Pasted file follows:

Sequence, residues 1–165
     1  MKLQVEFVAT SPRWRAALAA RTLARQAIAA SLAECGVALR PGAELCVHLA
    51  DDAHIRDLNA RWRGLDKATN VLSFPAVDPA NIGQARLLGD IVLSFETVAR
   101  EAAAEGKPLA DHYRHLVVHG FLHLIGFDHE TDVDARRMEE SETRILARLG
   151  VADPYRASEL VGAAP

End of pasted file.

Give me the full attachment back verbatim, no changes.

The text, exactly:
Sequence, residues 1–165
     1  MKLQVEFVAT SPRWRAALAA RTLARQAIAA SLAECGVALR PGAELCVHLA
    51  DDAHIRDLNA RWRGLDKATN VLSFPAVDPA NIGQARLLGD IVLSFETVAR
   101  EAAAEGKPLA DHYRHLVVHG FLHLIGFDHE TDVDARRMEE SETRILARLG
   151  VADPYRASEL VGAAP